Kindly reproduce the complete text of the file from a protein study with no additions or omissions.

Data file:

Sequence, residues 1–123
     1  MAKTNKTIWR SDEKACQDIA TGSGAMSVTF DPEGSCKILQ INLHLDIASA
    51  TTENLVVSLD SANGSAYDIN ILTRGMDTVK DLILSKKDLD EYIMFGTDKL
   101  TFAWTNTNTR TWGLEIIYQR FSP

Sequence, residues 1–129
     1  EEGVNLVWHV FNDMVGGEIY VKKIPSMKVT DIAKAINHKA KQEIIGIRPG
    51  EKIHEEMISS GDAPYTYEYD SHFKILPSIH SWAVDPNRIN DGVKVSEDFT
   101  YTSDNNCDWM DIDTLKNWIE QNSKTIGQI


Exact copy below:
Sequence, residues 1–123
     1  MAKTNKTIWR SDEKACQDIA TGSGAMSVTF DPEGSCKILQ INLHLDIASA
    51  TTENLVVSLD SANGSAYDIN ILTRGMDTVK DLILSKKDLD EYIMFGTDKL
   101  TFAWTNTNTR TWGLEIIYQR FSP

Sequence, residues 1–129
     1  EEGVNLVWHV FNDMVGGEIY VKKIPSMKVT DIAKAINHKA KQEIIGIRPG
    51  EKIHEEMISS GDAPYTYEYD SHFKILPSIH SWAVDPNRIN DGVKVSEDFT
   101  YTSDNNCDWM DIDTLKNWIE QNSKTIGQI